The National Rugby League (NRL) today advised employees of plans to re-organise the business in response to the impact of the COVID-19 pandemic.
This is part of a broader plan led by The Australian Rugby League Commission to ensure a sustainable long-term future for rugby league.
The proposed re-organisation will make the NRL a more dynamic and simplified business which will service the needs of fans, the 16 Premiership Clubs, State Leagues, broadcasters and commercial partners in a new economy.
The business will focus on 2 important strategic areas, a world class sports entertainment business and a governing body investing in participation and long-term connection to the community. The NRL will be divided into seven teams:
- Fan Experience
- Finance, Technology & Operations
- Risk, Integrity & Performance
- Brand, Media & Communications
- Participation & Community
The proposed restructure will result in a 25 per cent reduction in roles across all levels. Overall the NRL is targeting an annual reduction in all expenditure by $50m per annum.
Changes already announced to the NRL’s executive team, have seen executive numbers reduce from 11 members, prior to COVID, to 8 members post COVID.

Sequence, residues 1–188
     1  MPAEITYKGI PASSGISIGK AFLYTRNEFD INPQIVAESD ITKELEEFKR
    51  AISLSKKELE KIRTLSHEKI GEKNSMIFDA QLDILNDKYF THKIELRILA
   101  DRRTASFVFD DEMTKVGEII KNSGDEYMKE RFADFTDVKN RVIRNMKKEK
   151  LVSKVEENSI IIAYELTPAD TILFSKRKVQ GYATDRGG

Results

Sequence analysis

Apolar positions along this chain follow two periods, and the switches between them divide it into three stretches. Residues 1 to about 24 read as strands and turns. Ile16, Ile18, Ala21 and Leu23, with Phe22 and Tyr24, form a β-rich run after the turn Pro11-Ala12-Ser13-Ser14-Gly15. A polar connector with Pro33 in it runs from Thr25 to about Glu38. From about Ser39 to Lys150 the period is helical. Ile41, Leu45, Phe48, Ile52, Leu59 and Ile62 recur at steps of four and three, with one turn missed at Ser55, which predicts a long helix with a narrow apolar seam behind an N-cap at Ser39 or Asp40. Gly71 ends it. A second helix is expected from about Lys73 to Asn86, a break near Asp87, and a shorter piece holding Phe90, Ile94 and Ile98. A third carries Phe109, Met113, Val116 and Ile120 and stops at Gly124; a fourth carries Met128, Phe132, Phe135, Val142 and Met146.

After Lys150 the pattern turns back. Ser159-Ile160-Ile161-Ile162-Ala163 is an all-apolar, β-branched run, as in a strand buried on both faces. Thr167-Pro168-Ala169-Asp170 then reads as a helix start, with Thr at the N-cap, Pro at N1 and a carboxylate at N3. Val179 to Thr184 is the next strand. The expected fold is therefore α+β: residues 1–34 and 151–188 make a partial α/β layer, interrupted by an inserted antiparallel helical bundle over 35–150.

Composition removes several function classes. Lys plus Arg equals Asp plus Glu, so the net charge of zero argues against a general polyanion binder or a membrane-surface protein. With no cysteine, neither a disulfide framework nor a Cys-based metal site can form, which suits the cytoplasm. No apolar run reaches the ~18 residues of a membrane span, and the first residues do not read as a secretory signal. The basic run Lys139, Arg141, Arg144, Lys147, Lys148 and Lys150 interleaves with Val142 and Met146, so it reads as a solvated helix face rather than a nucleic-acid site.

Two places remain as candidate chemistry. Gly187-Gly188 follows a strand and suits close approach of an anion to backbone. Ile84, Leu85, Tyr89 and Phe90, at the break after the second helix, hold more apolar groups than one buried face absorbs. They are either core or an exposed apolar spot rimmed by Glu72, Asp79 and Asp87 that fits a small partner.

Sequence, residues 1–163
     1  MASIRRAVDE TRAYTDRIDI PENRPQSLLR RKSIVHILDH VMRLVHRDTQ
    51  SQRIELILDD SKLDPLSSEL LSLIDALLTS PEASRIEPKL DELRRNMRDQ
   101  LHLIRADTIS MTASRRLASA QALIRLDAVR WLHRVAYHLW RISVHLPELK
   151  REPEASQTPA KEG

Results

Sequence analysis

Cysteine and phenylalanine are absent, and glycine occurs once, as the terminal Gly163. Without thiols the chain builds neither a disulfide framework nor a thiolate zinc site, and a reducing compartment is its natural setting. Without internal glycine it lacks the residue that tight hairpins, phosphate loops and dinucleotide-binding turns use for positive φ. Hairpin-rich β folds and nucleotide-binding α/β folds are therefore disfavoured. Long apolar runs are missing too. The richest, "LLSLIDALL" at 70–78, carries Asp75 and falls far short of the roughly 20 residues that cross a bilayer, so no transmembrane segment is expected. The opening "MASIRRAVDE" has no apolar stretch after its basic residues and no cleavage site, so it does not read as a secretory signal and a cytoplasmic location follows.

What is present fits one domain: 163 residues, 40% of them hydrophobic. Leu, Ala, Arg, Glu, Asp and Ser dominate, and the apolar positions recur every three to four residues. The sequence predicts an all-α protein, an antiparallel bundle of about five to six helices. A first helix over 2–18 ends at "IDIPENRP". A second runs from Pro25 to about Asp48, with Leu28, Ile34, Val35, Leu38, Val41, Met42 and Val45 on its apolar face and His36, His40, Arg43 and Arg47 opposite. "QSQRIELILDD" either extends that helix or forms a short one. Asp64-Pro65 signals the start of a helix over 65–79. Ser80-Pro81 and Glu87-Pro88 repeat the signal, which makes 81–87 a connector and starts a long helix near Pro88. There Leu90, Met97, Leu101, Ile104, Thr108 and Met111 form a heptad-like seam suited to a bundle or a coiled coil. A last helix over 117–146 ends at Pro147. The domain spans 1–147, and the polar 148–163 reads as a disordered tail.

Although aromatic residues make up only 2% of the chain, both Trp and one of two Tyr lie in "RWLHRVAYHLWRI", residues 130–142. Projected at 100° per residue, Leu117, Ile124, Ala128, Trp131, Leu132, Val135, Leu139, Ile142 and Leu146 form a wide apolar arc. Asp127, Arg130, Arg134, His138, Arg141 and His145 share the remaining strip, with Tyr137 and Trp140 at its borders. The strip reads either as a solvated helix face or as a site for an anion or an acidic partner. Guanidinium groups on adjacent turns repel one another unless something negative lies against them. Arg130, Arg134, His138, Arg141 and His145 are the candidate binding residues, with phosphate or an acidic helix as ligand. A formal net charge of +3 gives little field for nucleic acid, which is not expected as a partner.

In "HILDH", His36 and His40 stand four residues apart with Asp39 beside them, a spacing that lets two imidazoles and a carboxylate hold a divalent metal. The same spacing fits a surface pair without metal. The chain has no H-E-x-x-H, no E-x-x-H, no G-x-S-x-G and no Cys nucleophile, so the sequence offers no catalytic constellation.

NRL Chief Executive Andrew Abdo said the changes were vital to ensuring a more effective and efficient business in a post COVID economy.
“Our business, like so many others, has been hit by a hurricane called COVID which caused substantial damage. Our strategy moving forward is to stabilise, renovate and grow,” he said.
“In order to stabilise, we must secure revenues and reduce our expenses to ensure a strong foundation. Then we will renovate by considering ways to make our products more entertaining and dynamic for our fans. Finally, we will develop bold plans for growth, looking at new products, new markets and how we can grow the game internationally,” he said.
“Our game is part of the sports entertainment industry and we are aiming to transform faster than others to remain competitive in a dynamic market.”
Mr Abdo said the pandemic would force difficult decisions to be made.
“We will lose some very good people during this process. Talented people with a genuine love and passion for our game who have all contributed in some way. This is painful but necessary process to ensure we survive. I have genuine empathy for all employees affected and we will listen to their feedback. Our game must remain strong for future generations. We all want to leave the game in a stronger position than we first joined the sport.”
Mr Abdo said he was confident rugby league would come out of COVID with strong foundations to re-build from.
“What has inspired me most during the pandemic is how our game has come together. We have shown what we can achieve when we work together. Rugby league, under the direction of the Commission, has led the way in Australian sport and I am confident we will continue to do so,” he said.
The NRL will consult with employees over the coming week about the restructure proposals.